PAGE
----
What style of agile training works best?

Have you ever been in a class or training session which is so boring you felt like you might fall asleep?  Or maybe you are one of the people that DID fall asleep!  I know I’ve been there many times.  When I started facilitating sessions on agile and Scrum I knew I couldn’t do it if the sessions would put people to sleep.  I knew I had to have dynamic sessions that kept people involved and challenged them to exceed their own expectations.  I put together the best sessions I knew how and I was quite successful with it (see the bottom of the sidebar at www.agileall.wpengine.com for course results and quotes from evaluation forms).  Attendees were very happy with the results, but I knew I could do better.  Much better. I knew I could talk less and have the attendees do even more.  I knew I could better help the attendees if I could just figure out how to get information across in a different way.

Then something happened which changed my life and will help me change many lives going forward.

A few months ago while searching for some airplane reading material for my Kindle (which I love!) I decided to try and find some good books about training techniques.  There are hundreds of books on the topic of training and many of them sounded more boring than watching grass grow. Then I stumbled across the book “Training From the Back of the Room” and it intrigued me so I made the purchase.  As I read the book I knew I had found a source of information which was going to dramatically change the way I facilitate courses.  Having students teach each other instead of having the trainer teach them?  Having students do homework prior to class?  Not doing introductions until the class is well underway?  Not giving out a notebook with slide printouts?  This was all very challenging for me, but I knew in my heart I had to embrace it in order for me to learn and improve.

Now flash forward a few months…  I’ve now had a chance to facilitate several courses using the new techniques I learned from the book.  The results have exceeded my wildest expectations in a number of ways:

  • Allowing attendees to work through an exercise prior to formal introductions means they get to start building relationships with each other and the course material right at the start of class.  The very beginning of the class is the time people remember most when they leave! Instead of wasting that valuable time on introductions my classes now spend it on a meaningful exercise.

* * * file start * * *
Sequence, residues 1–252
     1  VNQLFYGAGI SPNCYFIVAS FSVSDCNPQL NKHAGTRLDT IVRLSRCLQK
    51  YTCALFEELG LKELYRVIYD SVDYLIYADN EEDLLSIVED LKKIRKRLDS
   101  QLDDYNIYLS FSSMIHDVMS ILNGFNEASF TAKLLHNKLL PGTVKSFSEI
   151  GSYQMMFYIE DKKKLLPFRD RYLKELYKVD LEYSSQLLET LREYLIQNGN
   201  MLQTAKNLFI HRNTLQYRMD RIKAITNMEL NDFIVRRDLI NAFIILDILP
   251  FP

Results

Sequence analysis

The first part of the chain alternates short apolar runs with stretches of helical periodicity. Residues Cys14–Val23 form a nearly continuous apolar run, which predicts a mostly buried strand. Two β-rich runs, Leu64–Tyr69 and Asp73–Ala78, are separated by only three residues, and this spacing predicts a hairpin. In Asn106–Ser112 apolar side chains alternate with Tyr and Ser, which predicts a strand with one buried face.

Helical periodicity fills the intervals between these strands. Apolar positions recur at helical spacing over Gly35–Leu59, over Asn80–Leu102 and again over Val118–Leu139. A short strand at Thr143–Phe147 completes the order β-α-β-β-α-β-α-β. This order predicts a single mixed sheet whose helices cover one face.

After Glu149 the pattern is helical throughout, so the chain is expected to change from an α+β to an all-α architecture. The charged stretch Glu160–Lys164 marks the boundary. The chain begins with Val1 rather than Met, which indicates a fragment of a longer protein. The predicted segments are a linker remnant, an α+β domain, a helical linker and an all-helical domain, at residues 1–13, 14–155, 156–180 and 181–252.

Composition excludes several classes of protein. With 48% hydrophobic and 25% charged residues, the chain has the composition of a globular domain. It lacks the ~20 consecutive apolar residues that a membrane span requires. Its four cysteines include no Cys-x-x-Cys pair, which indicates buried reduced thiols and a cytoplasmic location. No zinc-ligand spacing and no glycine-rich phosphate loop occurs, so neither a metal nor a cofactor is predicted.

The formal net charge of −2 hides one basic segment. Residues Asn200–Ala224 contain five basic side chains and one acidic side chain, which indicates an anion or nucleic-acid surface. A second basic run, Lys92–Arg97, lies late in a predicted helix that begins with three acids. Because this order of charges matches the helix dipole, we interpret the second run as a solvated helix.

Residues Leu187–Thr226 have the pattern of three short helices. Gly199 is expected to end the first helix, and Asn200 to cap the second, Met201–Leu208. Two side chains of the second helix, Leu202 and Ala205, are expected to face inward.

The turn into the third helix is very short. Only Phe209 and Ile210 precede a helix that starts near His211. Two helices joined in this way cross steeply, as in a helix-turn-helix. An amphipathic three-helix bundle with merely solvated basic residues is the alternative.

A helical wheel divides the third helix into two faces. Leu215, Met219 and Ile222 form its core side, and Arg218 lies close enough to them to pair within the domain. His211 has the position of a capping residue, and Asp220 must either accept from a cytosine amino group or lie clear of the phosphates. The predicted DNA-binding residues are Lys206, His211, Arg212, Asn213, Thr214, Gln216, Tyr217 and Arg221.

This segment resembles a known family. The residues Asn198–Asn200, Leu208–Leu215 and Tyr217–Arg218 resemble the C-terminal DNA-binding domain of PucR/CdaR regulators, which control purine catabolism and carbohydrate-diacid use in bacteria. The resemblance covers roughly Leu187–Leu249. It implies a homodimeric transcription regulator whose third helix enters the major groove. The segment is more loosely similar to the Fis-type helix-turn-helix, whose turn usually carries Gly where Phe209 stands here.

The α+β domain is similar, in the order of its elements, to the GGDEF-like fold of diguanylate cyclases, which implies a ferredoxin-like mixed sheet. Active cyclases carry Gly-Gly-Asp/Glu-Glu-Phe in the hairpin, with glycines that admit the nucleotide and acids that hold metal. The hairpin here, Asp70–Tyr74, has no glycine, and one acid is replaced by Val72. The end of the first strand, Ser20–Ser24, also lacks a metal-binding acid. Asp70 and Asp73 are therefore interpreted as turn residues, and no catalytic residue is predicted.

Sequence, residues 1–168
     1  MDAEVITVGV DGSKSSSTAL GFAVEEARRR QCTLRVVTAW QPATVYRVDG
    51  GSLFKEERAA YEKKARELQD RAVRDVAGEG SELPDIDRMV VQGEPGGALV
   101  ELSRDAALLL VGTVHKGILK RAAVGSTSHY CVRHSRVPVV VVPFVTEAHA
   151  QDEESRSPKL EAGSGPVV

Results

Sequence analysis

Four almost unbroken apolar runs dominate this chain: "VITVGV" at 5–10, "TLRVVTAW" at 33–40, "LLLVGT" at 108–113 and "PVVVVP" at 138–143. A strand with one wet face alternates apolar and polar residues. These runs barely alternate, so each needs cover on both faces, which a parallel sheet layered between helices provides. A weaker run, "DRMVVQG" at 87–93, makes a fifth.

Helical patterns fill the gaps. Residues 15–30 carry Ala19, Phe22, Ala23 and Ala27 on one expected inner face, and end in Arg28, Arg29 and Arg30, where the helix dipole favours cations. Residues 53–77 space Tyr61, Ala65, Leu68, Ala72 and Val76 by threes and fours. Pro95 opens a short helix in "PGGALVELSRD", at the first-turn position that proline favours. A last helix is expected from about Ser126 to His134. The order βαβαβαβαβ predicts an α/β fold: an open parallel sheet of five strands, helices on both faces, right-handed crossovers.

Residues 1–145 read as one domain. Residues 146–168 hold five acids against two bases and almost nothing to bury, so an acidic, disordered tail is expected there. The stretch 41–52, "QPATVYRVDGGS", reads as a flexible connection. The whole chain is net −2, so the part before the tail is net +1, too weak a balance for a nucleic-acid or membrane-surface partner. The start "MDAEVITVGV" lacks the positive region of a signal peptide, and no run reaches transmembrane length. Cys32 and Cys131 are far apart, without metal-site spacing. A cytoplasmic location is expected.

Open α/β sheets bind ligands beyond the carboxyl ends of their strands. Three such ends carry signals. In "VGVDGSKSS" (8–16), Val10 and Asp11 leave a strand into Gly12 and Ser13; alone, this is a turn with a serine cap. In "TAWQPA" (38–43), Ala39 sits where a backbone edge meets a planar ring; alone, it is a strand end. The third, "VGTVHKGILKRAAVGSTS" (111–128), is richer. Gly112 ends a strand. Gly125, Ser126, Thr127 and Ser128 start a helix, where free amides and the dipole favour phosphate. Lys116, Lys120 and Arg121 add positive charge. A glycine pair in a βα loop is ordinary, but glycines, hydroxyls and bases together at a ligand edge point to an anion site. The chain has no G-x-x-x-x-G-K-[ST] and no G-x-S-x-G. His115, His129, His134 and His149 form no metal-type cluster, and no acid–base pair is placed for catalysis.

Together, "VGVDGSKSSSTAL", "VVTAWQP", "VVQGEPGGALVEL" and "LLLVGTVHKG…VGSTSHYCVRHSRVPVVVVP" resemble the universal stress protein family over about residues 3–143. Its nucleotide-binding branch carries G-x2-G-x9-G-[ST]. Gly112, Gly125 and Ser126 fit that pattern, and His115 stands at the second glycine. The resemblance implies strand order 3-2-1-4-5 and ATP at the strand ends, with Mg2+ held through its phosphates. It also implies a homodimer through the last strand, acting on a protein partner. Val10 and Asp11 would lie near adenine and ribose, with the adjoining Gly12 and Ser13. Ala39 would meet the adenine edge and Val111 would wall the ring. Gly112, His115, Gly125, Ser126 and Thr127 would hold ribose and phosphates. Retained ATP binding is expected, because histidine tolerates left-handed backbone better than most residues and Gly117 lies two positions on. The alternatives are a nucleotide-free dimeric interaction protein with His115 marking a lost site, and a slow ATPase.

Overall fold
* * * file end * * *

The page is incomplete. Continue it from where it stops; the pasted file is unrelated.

• Giving out blank spiral notebooks, pens, lots of markers and other materials instead of a notebook of slides encourages people to take more meaningful notes. Helping them take notes in a particularly meaningful way for a particular topic helps deepen their understanding and retention of the information.
  • Having attendees teach each other exposes the combined knowledge of the group and allows me to truly facilitate toward a meaningful result.
  • I had always used a lot of collaborative discussion exercises, but having even more and adding twists to them so they aren’t all just discussion helps attendees build relationships and connections with the material in ways that are fascinating to watch.  More importantly, the end result is better knowledge retention.
  • Breaking my speaking up into smaller chunks allows attendees to better absorb what I am saying.  I averaged speaking about 10 minutes per hour in the most recent course I facilitated and the results were outstanding in all areas.
  • I now average fewer than 20 slides per day for a course.  I won’t embarrass myself by saying what that number used to be!  I could cut the slides down to zero, but I find having key slides helps drive discussion.  In almost all cases the slides have fewer than 5 words (in some cases no words) and a picture capturing something about the concept.  I try to keep the pictures entertaining which keeps attendees engaged.
  • I have some handouts I use during certain portions of the course which attendees can save in the pockets of their supplied notebook.  Attendees love getting the essential information in a concise format rather than having to dig through a notebook of slides to find what they want.
  • This may be the least important item or the most important depending on how you look at it – I have a LOT of fun facilitating these courses.  Instead of feeling a bit wiped out when I  leave a class, I leave feeling incredibly energized.  I usually have fun with my classes, but this is a new level which is much higher than I expected.